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Norway and Poland as actors in a changing security landscape

The aim of the project is to develop enhanced knowledge of the security-related challenges, risks and threats Poland and Norway face in their strategic environment in the aftermath of the Russian invasion of Ukraine in 2022.


  • Defence
  • Security policy
  • NATO
  • Foreign policy
  • Russia and Eurasia
  • The Arctic
  • The Nordic countries
  • Conflict
  • Energy
  • The EU


Russia’s full-fledged war against Ukraine is a watershed event that has changed perceptions of security in both immediate neighbourhood and in the broader European and transatlantic context. Both Poland and Norway border on an increasingly more assertive Russia and are NATO's front states on the Eastern flank. 

This project aims to conduct a comparative examination of national, Polish and Norwegian, perceptions of security and the impact Russian invasion of Ukraine has had on these perceptions. 

Realisation of this joint Polish-Norwegian project mapping national perceptions of shifting security landscape with grave implications for national policies but also for cooperation within the international organisations Poland and Norway are members of, will provide an important input to policymaking in both countries. 

The aim is to help national decision makers to better coordinate their policies in various international fora. This cooperative effort will also provide support for national and international stakeholders responsible for formulation and implementation of security and foreign policies and will provide better instruments for addressing challenges and dealing with risks and threats caused by Russia aggressive behaviour in areas of strategic importance for both national Polish and Norwegian policies and for policies if international organisations Poland and Norway are members of or are affiliated with in other ways.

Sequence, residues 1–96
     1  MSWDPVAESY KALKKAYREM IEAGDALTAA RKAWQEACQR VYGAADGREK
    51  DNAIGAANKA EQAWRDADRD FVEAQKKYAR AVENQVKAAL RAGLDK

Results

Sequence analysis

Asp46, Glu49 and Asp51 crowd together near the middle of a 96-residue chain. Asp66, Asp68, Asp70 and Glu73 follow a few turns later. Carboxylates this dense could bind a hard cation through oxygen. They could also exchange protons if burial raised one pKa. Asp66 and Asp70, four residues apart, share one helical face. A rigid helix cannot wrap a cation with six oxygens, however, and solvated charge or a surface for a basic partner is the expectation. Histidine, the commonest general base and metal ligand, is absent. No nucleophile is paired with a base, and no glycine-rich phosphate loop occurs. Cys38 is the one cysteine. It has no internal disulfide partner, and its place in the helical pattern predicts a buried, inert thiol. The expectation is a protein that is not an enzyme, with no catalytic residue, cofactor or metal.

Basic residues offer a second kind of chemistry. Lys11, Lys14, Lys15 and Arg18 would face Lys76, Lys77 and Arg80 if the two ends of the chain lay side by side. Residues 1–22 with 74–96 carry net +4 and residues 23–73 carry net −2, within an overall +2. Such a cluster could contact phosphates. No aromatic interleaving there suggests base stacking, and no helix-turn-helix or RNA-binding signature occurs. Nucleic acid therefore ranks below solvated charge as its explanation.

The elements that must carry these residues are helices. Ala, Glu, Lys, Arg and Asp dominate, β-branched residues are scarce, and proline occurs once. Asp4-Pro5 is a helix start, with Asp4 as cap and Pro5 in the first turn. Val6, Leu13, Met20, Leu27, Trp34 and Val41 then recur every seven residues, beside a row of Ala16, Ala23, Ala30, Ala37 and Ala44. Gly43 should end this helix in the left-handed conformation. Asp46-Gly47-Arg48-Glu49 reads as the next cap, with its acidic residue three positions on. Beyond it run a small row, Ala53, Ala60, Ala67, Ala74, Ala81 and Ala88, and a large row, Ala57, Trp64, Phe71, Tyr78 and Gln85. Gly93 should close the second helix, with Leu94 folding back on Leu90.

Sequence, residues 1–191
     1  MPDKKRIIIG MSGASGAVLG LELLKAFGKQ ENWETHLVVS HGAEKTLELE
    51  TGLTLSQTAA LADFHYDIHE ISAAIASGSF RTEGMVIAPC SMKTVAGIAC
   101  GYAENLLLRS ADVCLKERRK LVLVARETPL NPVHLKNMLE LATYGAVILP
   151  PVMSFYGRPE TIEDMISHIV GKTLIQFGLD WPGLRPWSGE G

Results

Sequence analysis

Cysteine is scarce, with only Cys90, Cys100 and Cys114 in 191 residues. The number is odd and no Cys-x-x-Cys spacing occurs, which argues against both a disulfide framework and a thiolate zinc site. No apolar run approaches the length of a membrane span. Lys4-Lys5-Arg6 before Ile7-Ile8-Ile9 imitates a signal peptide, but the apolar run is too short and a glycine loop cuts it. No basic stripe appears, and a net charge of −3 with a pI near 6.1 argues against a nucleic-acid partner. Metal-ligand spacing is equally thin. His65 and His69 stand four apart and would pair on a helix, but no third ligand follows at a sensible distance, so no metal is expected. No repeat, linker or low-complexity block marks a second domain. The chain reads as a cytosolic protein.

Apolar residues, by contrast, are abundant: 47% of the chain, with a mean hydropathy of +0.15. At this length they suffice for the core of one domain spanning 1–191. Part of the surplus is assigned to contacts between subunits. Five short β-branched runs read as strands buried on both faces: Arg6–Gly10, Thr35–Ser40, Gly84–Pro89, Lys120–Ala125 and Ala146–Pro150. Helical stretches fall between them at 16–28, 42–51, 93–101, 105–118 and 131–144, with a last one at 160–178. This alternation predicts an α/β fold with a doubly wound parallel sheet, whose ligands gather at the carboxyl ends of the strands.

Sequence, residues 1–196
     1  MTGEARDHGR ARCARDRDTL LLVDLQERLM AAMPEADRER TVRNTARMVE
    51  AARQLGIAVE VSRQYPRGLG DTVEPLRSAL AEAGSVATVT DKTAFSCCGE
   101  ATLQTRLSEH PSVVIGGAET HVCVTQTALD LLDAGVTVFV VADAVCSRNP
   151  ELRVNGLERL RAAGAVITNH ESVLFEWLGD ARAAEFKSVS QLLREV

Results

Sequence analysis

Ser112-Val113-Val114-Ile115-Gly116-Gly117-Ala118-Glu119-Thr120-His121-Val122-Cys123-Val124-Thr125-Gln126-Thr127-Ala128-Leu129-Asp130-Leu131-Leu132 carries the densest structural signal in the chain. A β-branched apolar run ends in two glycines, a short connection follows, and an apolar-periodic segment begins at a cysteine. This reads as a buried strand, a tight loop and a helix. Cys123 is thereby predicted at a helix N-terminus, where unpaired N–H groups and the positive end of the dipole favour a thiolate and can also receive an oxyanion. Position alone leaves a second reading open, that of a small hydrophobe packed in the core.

The specific objectives to be achieved by the project include following tasks: 

  • Assess and compare the security challenges in the High North and along the Eastern flank of NATO in Central Europe along the Polish border with Russia in the Kaliningrad region and Belarus and Ukraine in the context of Russian war in Ukraine
  • Identify common patterns of military and defence-related activities conducted by the Russian Federation in both regions and provide evidence-based assessment of what use does Russia make of its presence in these two regions as a way of projecting various types of power beyond its borders
  • Compare and analyse the impact Russia’s military build-up and activity in the Arctic/High North and in Central Europe (Kaliningrad and Belarus) will have for security of Norway and Poland
  • Identify what other tools than military are used by the Russian Federation to project its power in the region and what national and international measures should be implemented to counter negative impacts of these Russian non-military malign activities
  • Assess the impact of the deterrence measures adopted by NATO in the Northern and Central European parts of the Eastern Flank in response to Russia’s invasion of Ukraine and how these measures influence the security of Norway and Poland
  • Study the broader geopolitical and geo-economic implications of involvement of other major powers, first and foremost China, in both regions
  • Propose recommendations for the decision-makers in Norway, Poland and NATO.

Project Manager

Jakub M. Godzimirski
Research Professor


Ulf Sverdrup
Former Director
Pernille Rieker
Research Professor
Karsten Friis
Research Professor
Julie Wilhelmsen
Research Professor
Ole Martin Stormoen